Trás-os-Montes Province is one of the medieval provinces of Portugal. The northern part is covered by Alto Trás-os-Montes Subregion, the southern by Douro Subregion. See also[edit]Trás-os-Montes (region) Trás-os-Montes e A
[...More...]

"Trás-os-Montes Province" on:
Wikipedia
Google
Yahoo

picture info

John I Of Portugal
John I (Portuguese: João,[1] [ʒuˈɐ̃w̃]; 11 April 1357 – 14 August 1433) was King of Portugal
King of Portugal
and the Algarve in 1385–1433. He was referred to as "the Good" (sometimes "the Great") or "of Happy Memory" in Portugal. More rarely, and especially in Spain, he was sometimes referred to as "the Bastard". He is recognized chiefly for his role in preserving the independence of the Kingdom of Portugal from the Kingdom of Castile. As part of his efforts to acquire Portuguese territories in Africa, he became the first king of Portugal to use the title "Lord of Ceuta".Contents1 Early life 2 Acclamation 3 Reign 4 Marriages and descendants 5 Ancestry 6 Notes 7 ReferencesEarly life[edit] John was born in Lisbon
Lisbon
as the natural son of King Peter I of Portugal by a woman named Teresa, who, according to the royal chronicler Fernão Lopes, was a noble Galician
[...More...]

"John I Of Portugal" on:
Wikipedia
Google
Yahoo

picture info

John III Of Portugal
John III[1] (Portuguese: João III Portuguese pronunciation: [ʒuˈɐ̃w̃]; 7 June 1502 – 11 June 1557) was the King of Portugal and the Algarves from 13 December 1521 to 11 June 1557. He was the son of King Manuel I and Maria of Aragon, the third daughter of King Ferdinand II of Aragon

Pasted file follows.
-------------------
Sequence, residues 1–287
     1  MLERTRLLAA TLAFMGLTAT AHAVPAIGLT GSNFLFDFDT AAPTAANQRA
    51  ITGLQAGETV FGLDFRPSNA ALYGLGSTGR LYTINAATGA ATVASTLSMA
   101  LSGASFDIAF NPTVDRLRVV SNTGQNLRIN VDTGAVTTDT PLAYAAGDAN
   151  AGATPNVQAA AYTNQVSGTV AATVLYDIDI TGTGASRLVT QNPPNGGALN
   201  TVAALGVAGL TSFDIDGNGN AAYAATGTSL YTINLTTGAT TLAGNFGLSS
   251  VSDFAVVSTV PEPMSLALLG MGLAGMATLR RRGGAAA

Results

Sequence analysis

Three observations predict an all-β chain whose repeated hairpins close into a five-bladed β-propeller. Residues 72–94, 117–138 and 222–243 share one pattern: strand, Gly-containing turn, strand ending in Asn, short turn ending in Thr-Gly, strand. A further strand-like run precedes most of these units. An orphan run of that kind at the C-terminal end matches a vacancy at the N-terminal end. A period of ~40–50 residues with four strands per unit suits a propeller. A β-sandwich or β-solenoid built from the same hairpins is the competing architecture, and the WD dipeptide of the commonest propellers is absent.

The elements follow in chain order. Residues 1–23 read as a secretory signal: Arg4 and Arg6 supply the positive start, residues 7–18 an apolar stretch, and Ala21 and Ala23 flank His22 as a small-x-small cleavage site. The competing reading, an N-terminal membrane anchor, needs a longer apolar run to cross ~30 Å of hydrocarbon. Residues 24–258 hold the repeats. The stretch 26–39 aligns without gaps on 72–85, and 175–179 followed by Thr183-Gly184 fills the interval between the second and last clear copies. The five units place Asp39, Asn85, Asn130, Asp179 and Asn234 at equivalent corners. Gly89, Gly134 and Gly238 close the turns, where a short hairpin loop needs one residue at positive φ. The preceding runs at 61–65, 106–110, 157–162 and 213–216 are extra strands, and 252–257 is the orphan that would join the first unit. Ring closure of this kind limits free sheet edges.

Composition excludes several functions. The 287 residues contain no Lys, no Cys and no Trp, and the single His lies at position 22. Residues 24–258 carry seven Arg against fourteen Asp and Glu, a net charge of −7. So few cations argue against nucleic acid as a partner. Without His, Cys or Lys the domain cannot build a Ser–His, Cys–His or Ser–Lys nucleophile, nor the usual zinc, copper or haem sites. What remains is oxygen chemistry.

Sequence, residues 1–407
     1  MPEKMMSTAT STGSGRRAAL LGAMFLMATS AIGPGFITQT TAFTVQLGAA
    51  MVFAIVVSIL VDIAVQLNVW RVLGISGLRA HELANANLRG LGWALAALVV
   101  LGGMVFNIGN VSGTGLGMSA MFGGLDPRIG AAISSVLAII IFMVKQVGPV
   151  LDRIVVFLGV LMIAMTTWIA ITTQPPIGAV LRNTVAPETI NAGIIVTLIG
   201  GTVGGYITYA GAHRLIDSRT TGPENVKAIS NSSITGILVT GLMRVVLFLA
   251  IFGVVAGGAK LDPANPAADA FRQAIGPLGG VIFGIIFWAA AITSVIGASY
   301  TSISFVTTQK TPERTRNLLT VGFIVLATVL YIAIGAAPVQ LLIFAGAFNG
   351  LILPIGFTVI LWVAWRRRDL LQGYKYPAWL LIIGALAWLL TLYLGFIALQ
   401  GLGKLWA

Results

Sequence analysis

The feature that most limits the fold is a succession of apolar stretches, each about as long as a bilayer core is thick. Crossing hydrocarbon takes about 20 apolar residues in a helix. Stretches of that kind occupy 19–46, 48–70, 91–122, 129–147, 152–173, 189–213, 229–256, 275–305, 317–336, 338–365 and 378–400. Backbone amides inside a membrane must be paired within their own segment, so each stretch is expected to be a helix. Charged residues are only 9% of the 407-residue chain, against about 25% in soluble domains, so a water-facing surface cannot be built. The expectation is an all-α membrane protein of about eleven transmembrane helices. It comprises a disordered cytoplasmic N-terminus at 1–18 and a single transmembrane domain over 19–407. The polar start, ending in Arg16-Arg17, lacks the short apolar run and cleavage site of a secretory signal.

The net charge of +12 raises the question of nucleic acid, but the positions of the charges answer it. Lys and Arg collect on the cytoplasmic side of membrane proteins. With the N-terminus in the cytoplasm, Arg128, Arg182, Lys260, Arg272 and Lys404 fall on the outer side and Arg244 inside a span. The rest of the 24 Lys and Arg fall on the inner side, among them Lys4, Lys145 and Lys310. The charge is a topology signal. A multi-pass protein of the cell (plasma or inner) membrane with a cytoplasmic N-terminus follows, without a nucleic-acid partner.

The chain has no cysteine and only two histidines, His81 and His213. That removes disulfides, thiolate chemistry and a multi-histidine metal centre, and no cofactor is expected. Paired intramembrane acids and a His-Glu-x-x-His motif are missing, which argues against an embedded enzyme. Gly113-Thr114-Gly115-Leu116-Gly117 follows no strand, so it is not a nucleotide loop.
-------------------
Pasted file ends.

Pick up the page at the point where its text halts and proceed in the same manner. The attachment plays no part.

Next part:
Ferdinand II of Aragon
and Queen Isabella I of Castile. John succeeded his father in 1521, at the age of nineteen. During his rule, Portuguese possessions were extended in Asia and in the New World
New World
through the Portuguese colonization of Brazil. John III's policy of reinforcing Portugal's bases in India
India
(such as Goa) secured Portugal's monopoly over the spice trade of cloves and nutmeg from the Maluku Islands, as a result of which John III has been called the "Grocer King"
[...More...]

"John III Of Portugal" on:
Wikipedia
Google
Yahoo

picture info

Papal Bull
A papal bull is a type of public decree, letters patent, or charter issued by a pope of the Roman Catholic Church. It is named after the leaden seal (bulla) that was traditionally appended to the end in order to authenticate it.Contents1 History 2 Format 3 Seal 4 Content 5 See also 6 Notes 7 References 8 Further readingHistory[edit]Printed text of Pope
Pope
Leo X's Bull against the errors of Martin Luther, also known as Exsurge Domine, issued in June 1520Papal bulls have been in use at least since the 6th century, but the phrase was not used until around the end of the 13th century, and then only internally for unofficial administrative purposes
[...More...]

"Papal Bull" on:
Wikipedia
Google
Yahoo

picture info

Zamora, Spain
Zamora (Spanish pronunciation: [θaˈmoɾa]) is a city in Castile and León, Spain, the capital of the province of Zamora. It lies on a rocky hill in the northwest, near the frontier with Portugal